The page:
Professor Damian O’Connell, CEO EDDC, said, “As Singapore’s national drug discovery and development platform, we are very glad to have played a key role in translating the great, collaborative science of our partners into a therapeutic candidate that is now ready to enter first-in-human studies. This is a milestone for Singapore - ADCs are complex to design and develop, and we have successfully brought one from initial discovery to the initiation of clinical development. We look forward to rapidly recruiting patients for this clinical trial.”
About the Experimental Drug Development Centre
The Experimental Drug Development Centre (EDDC) is Singapore’s national platform for drug discovery and development, formed from the integration of the Experimental Therapeutics Centre (ETC), Drug, Discovery and Development (D3), and Experimental Biotherapeutics Centre (EBC) in 2019. EDDC aims to develop therapeutics and diagnostics that save and improve the lives of patients in Singapore, Asia and around the world. Hosted by the Agency for Science, Technology and Research (A*STAR), EDDC works collaboratively with public sector and industry partners to translate the great science arising from Singapore’s biomedical and clinical sciences R&D into innovative healthcare solutions. For more information about EDDC, please visit www.a-star.edu.sg/eddc.
About A*STAR’s Bioprocessing Technology Institute
Bioprocessing Technology Institute (BTI) is a research institute under A*STAR. Established in 1990, BTI is positioned as Singapore's pillar of research and development for the biomanufacturing sector. BTI's core capabilities span across the bioprocessing value chain, largely comprising Product Innovation, Cell Line Development, Media Development, Downstream Processing, Process Development and Scale-up, and Analytical Science & Technologies. Through strategic partnerships and application-driven research, BTI seeks to create value and impact in product markets including biologics, cell and gene therapy, exosomes, vaccines, engineered tissues, process analytical technologies and cell culture systems. For more information on BTI, visit www.a-star.edu.sg/bti.
About A*STAR’s Institute of Molecular and Cell Biology
The vision of Institute of Molecular and Cell Biology (IMCB) is to be a premier cell and molecular biology institute which addresses the mechanistic basis of human diseases, and its mission is to conduct cutting-edge discovery research in disease pathways; to groom early career researchers to be future leaders in research; and to collaborate with the public sector, medical and industry communities for research impact. IMCB plays an important role training and recruiting scientific talents and has contributed to the development of other research entities in Singapore. Its success in fostering a biomedical research culture in Singapore has catalysed Singapore’s transformation into an international hub for biomedical research, development and innovation.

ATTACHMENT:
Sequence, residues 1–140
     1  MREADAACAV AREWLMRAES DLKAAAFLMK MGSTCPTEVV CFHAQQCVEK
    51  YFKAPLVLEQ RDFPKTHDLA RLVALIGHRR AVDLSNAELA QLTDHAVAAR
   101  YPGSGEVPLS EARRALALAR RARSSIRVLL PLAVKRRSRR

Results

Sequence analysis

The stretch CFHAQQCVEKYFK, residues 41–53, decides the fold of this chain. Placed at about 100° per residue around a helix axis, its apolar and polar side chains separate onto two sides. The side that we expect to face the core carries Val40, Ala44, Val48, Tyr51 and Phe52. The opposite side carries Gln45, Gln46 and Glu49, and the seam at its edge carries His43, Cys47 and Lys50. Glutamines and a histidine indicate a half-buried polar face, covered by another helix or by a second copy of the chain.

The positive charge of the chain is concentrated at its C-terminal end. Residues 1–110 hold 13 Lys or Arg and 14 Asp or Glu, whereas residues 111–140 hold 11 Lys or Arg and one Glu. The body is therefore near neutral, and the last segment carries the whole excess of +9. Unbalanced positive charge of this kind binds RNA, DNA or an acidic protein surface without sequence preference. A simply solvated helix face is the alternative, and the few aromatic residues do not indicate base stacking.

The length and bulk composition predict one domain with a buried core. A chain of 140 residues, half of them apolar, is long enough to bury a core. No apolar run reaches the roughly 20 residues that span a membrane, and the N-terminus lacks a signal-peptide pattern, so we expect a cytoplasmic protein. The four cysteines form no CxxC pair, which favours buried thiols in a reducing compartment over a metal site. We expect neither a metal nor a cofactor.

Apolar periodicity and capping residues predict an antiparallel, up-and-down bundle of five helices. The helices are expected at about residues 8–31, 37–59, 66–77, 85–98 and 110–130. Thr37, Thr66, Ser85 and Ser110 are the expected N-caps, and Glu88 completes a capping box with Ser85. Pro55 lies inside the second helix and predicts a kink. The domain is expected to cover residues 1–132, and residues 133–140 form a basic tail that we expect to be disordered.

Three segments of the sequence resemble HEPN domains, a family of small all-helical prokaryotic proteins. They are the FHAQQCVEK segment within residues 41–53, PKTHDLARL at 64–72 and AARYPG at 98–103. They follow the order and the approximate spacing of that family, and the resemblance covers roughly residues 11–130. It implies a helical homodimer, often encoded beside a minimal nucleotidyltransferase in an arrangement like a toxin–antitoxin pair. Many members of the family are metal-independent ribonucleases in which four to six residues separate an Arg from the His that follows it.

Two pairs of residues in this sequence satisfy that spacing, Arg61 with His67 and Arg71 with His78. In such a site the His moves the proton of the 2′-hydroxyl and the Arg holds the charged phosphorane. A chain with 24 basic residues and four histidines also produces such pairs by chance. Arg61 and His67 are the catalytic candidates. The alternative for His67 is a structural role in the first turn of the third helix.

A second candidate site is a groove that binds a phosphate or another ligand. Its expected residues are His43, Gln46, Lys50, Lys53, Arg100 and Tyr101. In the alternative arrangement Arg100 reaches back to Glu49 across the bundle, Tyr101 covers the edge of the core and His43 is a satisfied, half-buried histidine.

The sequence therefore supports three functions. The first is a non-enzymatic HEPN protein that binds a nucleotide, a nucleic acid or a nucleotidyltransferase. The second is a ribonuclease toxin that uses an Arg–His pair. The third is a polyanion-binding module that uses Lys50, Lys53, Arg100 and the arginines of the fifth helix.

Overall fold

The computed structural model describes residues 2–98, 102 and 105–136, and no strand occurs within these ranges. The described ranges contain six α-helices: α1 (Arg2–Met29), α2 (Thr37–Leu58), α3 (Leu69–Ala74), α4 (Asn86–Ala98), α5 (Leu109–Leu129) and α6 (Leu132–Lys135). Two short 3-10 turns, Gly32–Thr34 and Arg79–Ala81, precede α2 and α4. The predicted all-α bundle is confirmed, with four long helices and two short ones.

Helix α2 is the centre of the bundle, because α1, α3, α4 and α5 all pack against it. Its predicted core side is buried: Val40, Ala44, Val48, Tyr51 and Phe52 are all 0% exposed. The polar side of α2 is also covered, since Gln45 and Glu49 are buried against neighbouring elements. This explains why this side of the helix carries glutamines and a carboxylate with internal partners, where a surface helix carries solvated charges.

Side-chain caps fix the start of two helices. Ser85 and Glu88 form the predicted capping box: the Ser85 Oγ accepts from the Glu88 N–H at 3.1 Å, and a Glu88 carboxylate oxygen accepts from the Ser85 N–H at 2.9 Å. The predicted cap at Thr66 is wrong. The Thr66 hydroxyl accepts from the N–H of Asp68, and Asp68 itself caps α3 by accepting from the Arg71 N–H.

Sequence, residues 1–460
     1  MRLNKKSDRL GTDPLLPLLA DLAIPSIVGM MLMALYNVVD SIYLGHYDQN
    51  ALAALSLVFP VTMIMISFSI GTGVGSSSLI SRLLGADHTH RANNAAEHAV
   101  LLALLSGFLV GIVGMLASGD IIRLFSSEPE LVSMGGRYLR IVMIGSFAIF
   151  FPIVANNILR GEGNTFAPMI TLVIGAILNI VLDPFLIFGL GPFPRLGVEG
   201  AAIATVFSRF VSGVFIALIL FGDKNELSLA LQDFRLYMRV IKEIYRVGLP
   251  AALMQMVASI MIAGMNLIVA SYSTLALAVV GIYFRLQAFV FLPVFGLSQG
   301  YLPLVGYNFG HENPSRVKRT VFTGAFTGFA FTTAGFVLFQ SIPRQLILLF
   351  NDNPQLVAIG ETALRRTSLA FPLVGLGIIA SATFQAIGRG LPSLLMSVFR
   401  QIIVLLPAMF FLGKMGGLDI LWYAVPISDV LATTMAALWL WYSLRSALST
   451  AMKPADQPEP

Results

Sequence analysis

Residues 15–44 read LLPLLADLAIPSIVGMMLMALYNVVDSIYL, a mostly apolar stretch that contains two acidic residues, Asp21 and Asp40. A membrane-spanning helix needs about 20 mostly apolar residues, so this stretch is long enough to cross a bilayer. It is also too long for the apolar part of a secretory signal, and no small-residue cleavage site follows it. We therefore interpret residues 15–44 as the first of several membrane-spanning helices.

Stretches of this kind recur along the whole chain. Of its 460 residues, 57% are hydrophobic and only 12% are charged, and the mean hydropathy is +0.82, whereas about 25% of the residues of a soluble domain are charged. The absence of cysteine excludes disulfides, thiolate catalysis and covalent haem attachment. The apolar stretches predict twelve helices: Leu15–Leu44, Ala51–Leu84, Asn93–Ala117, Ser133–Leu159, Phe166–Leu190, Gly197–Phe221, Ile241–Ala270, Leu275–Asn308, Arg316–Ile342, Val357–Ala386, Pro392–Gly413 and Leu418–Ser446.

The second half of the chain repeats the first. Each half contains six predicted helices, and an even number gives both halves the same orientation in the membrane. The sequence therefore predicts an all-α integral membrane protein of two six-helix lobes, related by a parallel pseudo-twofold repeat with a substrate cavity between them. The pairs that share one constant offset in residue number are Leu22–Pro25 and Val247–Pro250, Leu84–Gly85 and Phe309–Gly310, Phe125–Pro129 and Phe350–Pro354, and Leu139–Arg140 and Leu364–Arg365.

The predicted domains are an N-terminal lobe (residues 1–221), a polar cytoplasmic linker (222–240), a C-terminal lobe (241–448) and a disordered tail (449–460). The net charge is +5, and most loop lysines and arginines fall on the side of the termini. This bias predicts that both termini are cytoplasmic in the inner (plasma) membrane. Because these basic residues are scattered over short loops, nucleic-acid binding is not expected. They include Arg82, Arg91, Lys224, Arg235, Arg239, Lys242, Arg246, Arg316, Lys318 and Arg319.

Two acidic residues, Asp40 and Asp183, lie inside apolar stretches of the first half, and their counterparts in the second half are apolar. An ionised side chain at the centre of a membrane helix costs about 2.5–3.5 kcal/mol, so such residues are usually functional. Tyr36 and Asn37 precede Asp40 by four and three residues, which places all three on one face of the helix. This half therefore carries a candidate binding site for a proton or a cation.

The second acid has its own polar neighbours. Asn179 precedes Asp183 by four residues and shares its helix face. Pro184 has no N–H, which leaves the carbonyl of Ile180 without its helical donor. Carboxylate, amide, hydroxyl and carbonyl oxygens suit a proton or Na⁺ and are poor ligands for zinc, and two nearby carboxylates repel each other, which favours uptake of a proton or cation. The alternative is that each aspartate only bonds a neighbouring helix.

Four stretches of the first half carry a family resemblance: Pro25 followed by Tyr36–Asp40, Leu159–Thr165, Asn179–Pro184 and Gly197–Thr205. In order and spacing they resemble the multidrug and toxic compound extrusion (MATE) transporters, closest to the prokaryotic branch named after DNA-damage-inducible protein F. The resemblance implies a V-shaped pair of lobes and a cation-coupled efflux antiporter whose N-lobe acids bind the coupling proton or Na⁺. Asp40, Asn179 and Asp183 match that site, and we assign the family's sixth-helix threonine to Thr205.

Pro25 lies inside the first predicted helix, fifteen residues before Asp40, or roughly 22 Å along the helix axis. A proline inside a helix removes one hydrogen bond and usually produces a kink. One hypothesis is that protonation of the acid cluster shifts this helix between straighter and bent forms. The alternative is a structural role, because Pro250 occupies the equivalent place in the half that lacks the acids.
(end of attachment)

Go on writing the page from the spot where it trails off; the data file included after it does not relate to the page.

Funded by A*STAR, IMCB’s use-inspired research comprises 4 major programmes: Neurometabolism in Health and Diseases; Cancer Signalling and Therapies; Cell Biology and Therapies; and Innovative Technologies. IMCB also has two semi-autonomous programmes, the Disease Intervention Technology Laboratory (DITL), and the Molecular Engineering Laboratory (MEL). IMCB’s technologies and platforms focus on Mouse Models of Diseases, Molecular Histopathology, Cellular Microscopy, and Proteomics & Metabolomics. For more information about IMCB, please visit www.a-star.edu.sg/imcb.
About National Cancer Centre Singapore
The National Cancer Centre Singapore (NCCS) is a leading national and regional tertiary cancer centre, with specialists who are experts in treating cancer. NCCS attends to the majority of cancer cases in Singapore’s public healthcare sector. In addition to offering holistic and multidisciplinary oncology care, our clinicians and scientists collaborate with local and international partners to conduct robust, cutting-edge clinical and translational research. To achieve the vision of being a global leading cancer centre, NCCS offers world- class care and shares its depth of experience and expertise by training local and overseas medical professionals.
To meet growing needs, the new NCCS building with increased capacity and expanded facilities dedicated to cancer care, rehabilitation, research and education will be operational in 2023. To give patients the best treatment outcomes, the new NCCS will offer access to advanced and innovative treatment such as proton therapy at the new Goh Cheng Liang Proton Therapy Centre. For more information, please visit: www.nccs.com.sg
About National University Cancer Institute, Singapore
The National University Cancer Institute, Singapore (NCIS) is a national specialist centre under the National University Health System (NUHS) and is the only public cancer centre in Singapore that treats both paediatric and adult cancers in one facility. NCIS (n-sis) offers a broad spectrum of cancer care and management from screening, diagnosis and treatment, to rehabilitation, palliative and long-term care. NCIS’s strength lies in the multi-disciplinary approach taken by our clinician-scientists and clinician-investigators to develop a comprehensive and personalised plan for each cancer patient.
NCIS cancer services span across several acute hospitals: NCIS @ National University Hospital, NCIS @ Ng Teng Fong General Hospital, NCIS @ Alexandra Hospital, and the NCIS Radiation Therapy Centre @ Tan Tock Seng Hospital. We also deliver a range of cancer services for our patients’ convenience at satellite clinics in the community, as well as in the comfort of their homes. For more information, please visit www.ncis.com.sg.
1Protein glycosylation is a process in which a cell adds sugar moieties (carbohydrates) onto specific parts of a protein before the protein is expressed on the cell surface or secreted by the cell. It has been studied for decades; however in recent years, there have been more reports about aberrant (dysregulated) glycosylation being a hallmark of cancer conferring more aggressive phenotypes, driving invasion and/or metastasis.